International conservation groups spend fortunes counting and protecting endangered elephants. Armies of bird-lovers enter sightings of their feathered friends into global databases. But who is looking out for insects? And if one does catch your eye, how do you figure out what kind it is?
The question matters because of the vital roles bugs play in the natural systems that keep humans healthy. For example, insects keep soils healthy, control crop pests and pollinate trees. A whole host of birds and animals rely on them as food.
There is anecdotal evidence of falling insect numbers – in some countries, people say the number of bugs they clean from their car windshields has dropped sharply. Isolated scientific studies backs that up. But there is not enough data for scientists to determine what is really going on, never mind what to do about it.
That is where you come in!
Together with iNaturalist, we are inviting everyone to take part in a 1-12 June BioBlitz to map the insects and other species around you and provide the data needed for experts to work out how to conserve biodiversity, from the local level to the global.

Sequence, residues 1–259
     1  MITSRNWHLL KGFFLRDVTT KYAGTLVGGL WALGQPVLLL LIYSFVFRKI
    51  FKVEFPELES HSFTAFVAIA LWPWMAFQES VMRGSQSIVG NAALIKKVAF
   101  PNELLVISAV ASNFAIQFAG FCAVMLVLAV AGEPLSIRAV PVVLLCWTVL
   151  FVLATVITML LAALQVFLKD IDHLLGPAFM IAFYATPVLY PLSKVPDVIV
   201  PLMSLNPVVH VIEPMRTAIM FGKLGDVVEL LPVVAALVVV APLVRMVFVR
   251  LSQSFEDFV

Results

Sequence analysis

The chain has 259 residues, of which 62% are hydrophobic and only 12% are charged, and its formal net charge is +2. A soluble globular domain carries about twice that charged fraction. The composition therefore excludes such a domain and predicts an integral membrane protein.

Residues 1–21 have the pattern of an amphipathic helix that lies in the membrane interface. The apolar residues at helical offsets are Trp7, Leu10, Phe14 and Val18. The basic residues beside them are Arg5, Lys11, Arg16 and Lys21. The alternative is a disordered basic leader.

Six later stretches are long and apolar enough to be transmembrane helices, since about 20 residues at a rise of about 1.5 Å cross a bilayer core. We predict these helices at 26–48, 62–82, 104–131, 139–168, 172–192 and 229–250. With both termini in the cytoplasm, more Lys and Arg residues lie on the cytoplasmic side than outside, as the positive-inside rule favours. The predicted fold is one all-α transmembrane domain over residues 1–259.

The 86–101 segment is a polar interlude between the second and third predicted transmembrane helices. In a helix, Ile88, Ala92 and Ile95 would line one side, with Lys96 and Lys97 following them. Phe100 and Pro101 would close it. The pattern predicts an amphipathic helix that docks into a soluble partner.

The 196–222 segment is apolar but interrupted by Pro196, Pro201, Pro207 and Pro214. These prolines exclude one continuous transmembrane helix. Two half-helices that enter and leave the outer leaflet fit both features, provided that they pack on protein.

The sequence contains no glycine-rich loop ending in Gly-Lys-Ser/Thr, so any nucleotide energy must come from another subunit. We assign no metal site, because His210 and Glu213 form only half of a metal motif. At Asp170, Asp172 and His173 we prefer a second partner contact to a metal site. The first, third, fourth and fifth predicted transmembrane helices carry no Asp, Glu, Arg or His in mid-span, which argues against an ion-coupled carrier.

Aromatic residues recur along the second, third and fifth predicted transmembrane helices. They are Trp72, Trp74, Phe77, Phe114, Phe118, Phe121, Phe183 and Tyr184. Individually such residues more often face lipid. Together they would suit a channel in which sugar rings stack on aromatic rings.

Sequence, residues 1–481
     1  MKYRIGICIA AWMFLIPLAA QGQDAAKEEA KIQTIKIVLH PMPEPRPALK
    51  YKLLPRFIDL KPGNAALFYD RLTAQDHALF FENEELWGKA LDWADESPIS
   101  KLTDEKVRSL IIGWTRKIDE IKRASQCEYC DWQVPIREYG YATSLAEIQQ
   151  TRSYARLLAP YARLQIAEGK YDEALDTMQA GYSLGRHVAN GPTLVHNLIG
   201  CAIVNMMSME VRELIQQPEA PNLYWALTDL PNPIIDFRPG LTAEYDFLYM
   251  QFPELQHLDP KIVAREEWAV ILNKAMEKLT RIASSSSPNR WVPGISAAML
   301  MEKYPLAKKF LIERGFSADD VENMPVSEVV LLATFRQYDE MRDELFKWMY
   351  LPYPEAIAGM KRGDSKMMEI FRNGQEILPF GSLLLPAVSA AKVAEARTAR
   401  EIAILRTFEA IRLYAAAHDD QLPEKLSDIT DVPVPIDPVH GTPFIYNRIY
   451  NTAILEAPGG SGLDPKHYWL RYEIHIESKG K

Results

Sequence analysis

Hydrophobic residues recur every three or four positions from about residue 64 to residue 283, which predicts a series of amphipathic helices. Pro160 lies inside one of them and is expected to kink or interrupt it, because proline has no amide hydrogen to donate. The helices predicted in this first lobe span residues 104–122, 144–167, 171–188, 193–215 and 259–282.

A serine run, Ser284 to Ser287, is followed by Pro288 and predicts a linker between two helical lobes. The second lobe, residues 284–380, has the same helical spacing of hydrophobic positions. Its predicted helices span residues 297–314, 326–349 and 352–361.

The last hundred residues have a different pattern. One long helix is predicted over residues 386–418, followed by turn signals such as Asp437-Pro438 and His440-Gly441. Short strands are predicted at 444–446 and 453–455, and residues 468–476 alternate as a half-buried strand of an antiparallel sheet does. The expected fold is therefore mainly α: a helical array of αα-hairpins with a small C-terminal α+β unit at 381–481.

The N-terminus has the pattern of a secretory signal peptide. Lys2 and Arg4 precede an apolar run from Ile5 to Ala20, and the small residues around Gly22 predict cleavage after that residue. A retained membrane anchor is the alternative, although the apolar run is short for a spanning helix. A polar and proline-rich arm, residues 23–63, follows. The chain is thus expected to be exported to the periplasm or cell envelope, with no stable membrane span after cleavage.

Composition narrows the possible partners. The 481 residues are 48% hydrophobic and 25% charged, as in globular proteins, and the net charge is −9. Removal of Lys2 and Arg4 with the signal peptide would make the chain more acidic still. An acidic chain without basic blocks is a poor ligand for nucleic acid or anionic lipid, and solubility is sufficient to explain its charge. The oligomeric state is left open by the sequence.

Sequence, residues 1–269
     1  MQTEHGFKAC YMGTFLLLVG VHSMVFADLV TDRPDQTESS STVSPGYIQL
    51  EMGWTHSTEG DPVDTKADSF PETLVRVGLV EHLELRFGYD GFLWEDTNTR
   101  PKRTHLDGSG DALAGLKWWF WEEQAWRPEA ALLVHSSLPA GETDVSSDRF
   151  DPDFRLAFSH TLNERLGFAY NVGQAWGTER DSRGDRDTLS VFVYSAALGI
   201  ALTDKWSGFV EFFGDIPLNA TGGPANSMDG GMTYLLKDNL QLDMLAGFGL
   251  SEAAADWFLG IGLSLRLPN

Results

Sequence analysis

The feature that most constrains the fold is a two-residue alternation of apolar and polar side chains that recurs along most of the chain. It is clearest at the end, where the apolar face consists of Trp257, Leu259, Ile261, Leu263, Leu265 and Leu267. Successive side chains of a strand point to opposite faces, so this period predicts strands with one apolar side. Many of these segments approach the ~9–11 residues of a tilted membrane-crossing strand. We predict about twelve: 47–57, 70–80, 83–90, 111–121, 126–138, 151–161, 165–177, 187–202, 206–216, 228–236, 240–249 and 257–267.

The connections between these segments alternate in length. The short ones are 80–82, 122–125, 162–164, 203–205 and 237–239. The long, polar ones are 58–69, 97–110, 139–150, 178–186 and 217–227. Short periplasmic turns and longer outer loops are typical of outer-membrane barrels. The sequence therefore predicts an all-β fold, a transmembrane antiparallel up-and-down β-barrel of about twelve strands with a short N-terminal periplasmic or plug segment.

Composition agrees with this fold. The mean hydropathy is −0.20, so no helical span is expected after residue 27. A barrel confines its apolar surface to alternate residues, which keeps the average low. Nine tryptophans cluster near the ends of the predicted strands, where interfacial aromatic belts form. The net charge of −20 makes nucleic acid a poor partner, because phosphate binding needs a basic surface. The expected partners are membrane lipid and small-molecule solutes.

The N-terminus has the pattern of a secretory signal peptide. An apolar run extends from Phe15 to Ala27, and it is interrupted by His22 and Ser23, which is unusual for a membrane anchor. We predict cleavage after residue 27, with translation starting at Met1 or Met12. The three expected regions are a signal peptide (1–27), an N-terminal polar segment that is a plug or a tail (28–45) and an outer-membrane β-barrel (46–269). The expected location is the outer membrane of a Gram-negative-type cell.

The iNaturalist app allows you to upload photos of the plants and animals that you discover along with their location. If you are not able to identify the species yourself, the iNaturalist community will soon help you out – even with the weirdest-looking critter you can find.
The World Environment Day website contains a host of information about citizen science in general and iNaturalist in particular. For instructions on how to download the iNaturalist app and submit your sightings, click here. To focus specifically on bugs, this link will take you to a step-by-step guide to organizing a Bug BioBlitz.
World Environment Day is over, but the BioBlitz continues until 12 June, so there is still time to connect with nature and help protect the bugs that enliven our world as well as keeping it healthy.